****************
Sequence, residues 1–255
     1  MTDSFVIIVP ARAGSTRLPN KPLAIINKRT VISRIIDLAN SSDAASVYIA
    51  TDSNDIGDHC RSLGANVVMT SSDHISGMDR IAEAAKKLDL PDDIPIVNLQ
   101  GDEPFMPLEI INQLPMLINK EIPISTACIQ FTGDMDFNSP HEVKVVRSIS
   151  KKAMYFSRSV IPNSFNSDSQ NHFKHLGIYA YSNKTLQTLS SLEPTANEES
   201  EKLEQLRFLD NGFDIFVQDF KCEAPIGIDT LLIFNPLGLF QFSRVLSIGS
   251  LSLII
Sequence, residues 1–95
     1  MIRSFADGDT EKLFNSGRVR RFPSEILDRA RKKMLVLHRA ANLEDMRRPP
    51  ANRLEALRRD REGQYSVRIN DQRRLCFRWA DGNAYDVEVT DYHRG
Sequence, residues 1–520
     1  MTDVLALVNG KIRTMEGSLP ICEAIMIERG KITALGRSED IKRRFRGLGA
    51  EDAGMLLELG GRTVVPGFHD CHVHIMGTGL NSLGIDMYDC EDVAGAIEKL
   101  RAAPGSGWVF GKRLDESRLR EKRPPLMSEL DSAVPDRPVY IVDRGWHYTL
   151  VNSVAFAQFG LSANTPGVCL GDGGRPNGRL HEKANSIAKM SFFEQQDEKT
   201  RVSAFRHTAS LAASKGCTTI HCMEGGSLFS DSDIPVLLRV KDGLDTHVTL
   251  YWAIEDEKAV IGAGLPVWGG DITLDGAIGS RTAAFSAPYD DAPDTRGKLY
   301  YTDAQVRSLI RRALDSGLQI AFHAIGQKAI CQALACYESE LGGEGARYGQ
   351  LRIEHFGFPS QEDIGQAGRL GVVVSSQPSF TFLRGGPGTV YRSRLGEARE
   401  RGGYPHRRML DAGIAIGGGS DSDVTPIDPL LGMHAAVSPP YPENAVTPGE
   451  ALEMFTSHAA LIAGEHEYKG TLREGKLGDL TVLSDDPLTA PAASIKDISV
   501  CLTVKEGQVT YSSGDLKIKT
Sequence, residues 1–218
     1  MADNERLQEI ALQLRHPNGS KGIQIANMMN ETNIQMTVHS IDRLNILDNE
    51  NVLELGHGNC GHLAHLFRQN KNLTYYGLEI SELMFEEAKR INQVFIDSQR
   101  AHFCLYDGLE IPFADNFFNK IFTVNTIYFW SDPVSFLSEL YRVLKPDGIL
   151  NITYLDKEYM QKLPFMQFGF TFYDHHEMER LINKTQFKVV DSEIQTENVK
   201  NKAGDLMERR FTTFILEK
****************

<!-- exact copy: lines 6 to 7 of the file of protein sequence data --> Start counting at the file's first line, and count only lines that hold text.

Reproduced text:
   201  EKLEQLRFLD NGFDIFVQDF KCEAPIGIDT LLIFNPLGLF QFSRVLSIGS
   251  LSLII